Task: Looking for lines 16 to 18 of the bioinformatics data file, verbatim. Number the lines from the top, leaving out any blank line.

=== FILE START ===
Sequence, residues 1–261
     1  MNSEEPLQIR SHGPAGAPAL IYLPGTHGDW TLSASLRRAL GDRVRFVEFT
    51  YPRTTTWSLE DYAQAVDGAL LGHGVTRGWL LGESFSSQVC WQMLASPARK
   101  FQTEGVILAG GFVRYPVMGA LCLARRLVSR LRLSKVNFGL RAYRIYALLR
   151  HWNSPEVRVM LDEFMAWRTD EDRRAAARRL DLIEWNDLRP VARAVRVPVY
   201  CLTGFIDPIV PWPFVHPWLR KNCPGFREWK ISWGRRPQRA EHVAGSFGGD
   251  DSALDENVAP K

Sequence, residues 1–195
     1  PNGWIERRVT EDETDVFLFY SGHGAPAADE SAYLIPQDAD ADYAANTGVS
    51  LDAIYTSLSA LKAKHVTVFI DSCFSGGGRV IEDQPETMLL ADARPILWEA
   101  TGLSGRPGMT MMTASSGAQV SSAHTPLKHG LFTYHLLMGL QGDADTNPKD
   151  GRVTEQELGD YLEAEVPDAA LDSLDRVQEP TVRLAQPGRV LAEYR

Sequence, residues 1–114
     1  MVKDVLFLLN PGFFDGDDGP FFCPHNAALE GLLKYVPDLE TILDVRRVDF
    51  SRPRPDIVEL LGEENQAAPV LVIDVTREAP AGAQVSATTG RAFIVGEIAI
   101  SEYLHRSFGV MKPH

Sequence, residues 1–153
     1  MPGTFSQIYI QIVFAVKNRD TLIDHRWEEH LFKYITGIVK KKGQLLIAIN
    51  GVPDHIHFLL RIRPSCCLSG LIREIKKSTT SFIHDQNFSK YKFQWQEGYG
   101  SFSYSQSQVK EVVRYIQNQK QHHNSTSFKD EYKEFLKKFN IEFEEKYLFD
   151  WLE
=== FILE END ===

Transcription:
   101  SEYLHRSFGV MKPH

Sequence, residues 1–153
     1  MPGTFSQIYI QIVFAVKNRD TLIDHRWEEH LFKYITGIVK KKGQLLIAIN